One other thing, Social Security payments for many of us are taxable. Why? We paid into this system all our working lives and now the government has to tax again the money that we paid in to the system. Tax freedom day in our state is April 22, which is the first day of the year in which we residents of Massachusetts have earned enough income to fund our annual tax burden. The government taxes us when we earn the money, they tax us if we invest that money, tax our social security payments, and finally tax some of us when we die. Many of the elderly live on fixed incomes in our city. Such an increase in taxes could drive many citizens out of Newton.

All I can say is enough is enough. I urge a no vote on all 3 questions on March 12. We are lucky that in this state that we now have the right to say no to big tax increases. We owe a debt of gratitude to those activists who were able to get Prop 2 1/2 passed.

This post is contributed by a community member. The views expressed in this blog are those of the author and do not necessarily reflect those of Patch Media Corporation. Everyone is welcome to submit a post to Patch. If you'd like to post a blog, go here to get started.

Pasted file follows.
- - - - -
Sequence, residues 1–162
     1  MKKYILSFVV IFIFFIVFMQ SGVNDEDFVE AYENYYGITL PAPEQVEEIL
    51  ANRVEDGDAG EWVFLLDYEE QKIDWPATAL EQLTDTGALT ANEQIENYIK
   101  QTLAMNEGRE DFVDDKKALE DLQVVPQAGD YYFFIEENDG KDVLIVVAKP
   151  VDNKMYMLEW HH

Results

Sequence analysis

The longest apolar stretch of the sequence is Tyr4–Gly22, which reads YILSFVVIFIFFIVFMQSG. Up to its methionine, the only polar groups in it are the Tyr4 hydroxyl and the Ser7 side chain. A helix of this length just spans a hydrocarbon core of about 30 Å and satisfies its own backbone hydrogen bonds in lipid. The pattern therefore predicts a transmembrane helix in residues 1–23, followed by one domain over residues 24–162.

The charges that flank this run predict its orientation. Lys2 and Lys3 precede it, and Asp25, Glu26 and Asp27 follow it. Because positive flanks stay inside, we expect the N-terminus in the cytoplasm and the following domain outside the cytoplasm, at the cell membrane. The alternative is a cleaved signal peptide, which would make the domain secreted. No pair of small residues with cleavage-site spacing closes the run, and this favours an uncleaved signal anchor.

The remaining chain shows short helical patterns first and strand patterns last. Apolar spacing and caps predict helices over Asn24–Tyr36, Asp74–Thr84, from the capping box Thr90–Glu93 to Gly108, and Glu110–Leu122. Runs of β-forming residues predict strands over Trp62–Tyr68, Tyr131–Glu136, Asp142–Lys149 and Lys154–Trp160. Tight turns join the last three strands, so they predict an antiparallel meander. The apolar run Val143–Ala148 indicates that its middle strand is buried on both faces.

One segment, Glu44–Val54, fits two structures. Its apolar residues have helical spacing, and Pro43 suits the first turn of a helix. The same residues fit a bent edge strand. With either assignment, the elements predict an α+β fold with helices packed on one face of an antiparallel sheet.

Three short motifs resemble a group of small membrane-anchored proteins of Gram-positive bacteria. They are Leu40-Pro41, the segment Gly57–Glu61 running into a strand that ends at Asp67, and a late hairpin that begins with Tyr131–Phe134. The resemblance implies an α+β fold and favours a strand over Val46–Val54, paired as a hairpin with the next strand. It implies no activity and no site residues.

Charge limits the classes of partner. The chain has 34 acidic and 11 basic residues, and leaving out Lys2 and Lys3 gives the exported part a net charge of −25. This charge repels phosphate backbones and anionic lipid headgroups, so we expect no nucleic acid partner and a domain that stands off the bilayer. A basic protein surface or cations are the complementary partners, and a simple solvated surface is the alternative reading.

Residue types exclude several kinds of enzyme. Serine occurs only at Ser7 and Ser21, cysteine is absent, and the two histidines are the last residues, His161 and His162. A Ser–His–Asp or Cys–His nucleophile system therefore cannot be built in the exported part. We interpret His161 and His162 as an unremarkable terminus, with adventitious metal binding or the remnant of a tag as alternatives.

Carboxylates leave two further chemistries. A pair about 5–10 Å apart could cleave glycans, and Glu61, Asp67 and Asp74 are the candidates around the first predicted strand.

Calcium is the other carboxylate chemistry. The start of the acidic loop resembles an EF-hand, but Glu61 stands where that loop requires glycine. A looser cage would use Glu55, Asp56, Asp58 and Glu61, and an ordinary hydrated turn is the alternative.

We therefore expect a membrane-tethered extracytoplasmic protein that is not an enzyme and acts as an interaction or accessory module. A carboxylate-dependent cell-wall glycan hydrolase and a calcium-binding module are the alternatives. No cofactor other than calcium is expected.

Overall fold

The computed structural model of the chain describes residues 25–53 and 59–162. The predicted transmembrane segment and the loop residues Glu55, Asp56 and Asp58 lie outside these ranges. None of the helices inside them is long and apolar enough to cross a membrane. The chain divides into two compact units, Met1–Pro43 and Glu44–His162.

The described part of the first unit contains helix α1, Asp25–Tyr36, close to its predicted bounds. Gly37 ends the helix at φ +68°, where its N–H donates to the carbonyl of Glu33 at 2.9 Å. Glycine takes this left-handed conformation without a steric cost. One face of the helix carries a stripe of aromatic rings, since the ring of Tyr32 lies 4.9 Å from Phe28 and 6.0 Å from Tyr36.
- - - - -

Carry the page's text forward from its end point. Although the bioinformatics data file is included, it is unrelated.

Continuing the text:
Walter Jones February 17, 2013 at 05:18 PM
Moving Newton Forward's arguments have moved from fiscal responsibility to actual denial of the schools conditions themselves. Building experts at the MSBA have evaluated the conditions of the schools. Moving Newton Forward is comfortable dismissing actual expert evaluation with NO EVIDENCE to the contrary. Those are not Newton values. No data. Anti-children. Moving Newton Forward is bad for Newton. Joshua Norman is bad for Newton.
Shawn Fitzgibbons, NDCC Co-Chairman February 20, 2013 at 02:21 AM
"Prop two and a half" passed in Massachusetts in the early 1980's. Since that time inflation has almost always exceeded 2.5%. There were a few periods of low inflation, like now, but overall municipalities across the Commonwealth have seen their revenue shrink for nearly two decades.
Neil 10010 February 20, 2013 at 02:36 AM
Great educational points here. @Shawn - can you comment on the rate of salary increases and benefits increases over the same period. Was it also less than 2.5%? Thanks
Shawn Fitzgibbons, NDCC Co-Chairman February 20, 2013 at 02:49 AM
Specifically for the city, I'm not sure. But in general cost of living raises are 2 to 3 percent for many employees in the Boston area, if not more.
Moving Newton Forward February 20, 2013 at 02:58 AM
Neil, did you know that 80% of the City's Budget is due to compensation and benefits? http://www.movingnewtonforward.org/didyouknow/didyouknow.htm#Newton, General Spending